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Public Financing and Delivery of Hiv/Aids Care: Securing the Legacy of Ryan White Contents PROLOGUE 1 EXECUTIVE SUMMARY 5 1 INTRODUCTION: SECURING THE LEGACY OF RYAN WHITE 27 The Ryan White CARE Act, 28 The Charge to the Committee, 32 Findings, 35 References, 35 2 HIV/AIDS CARE IN THE THIRD DECADE: OPPORTUNITIES AND CHALLENGES IN THE CHANGING EPIDEMIC 36 The Natural History of Individual HIV Infection, 40 Effect of HAART on HIV Progression and Care, 42 Change in Affected Populations and the Impact on Treatment, 50 Conclusion, 63 Findings, 63 References, 64 3 CURRENT FINANCING AND DELIVERY OF HIV CARE 73 Federal Financing of HIV Care, 75 Delivery of HIV/AIDS Care Services, 87 Findings, 100 References, 100
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Public Financing and Delivery of Hiv/Aids Care: Securing the Legacy of Ryan White 4 BARRIERS TO HIV CARE 107 Private Insurance Programs, 107 Medicaid, 109 Medicare, 117 Ryan White CARE Act, 118 Coordination of Care, 127 Access Barriers, 129 Committee Observations and Conclusions, 133 References, 136 5 OPTIONS FOR FINANCING AND DELIVERING HIV CARE 141 Financing Options, 144 Improving the Delivery of HIV Care, 160 Summary, 174 References, 175 6 RECOMMENDATIONS 178 Cost and Health Implications of the HIV Comprehensive Care Program, 180 Recommendations, 193 Conclusion, 208 References, 209 APPENDIXES A Technical Appendix: Estimating the Impact and Cost of Expanded HIV Care Programs 213 B Overview of CARE Act Allocation Formulas 246 C Mental Illness and HIV Comorbidity: A Large and Vulnerable HIV Subpopulation 250 D Financing HIV/AIDS Care: A Quilt with Many Holes 268 E Towards an Understanding of Meeting HIV-Infected Substance Users’ Needs 313 F Committee on Public Financing and Delivery of HIV Care 340 INDEX 347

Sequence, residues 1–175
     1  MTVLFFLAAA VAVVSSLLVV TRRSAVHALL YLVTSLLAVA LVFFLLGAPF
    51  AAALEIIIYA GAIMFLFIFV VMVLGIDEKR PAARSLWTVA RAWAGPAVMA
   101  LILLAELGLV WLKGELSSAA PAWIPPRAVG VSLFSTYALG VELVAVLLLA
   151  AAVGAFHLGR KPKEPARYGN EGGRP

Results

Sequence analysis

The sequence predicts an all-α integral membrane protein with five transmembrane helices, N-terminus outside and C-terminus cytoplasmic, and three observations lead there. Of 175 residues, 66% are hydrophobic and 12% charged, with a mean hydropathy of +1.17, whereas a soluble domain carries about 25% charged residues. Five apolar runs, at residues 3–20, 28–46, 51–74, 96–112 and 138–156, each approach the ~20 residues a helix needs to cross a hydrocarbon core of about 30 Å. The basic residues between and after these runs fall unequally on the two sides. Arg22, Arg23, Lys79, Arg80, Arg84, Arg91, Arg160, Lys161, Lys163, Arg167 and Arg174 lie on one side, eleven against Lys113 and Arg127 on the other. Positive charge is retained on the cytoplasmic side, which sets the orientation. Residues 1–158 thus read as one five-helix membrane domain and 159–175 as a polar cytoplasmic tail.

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Public Financing and Delivery of Hiv/Aids Care: Securing the Legacy of Ryan White PUBLIC FINANCING AND DELIVERY OF HIV/AIDS CARE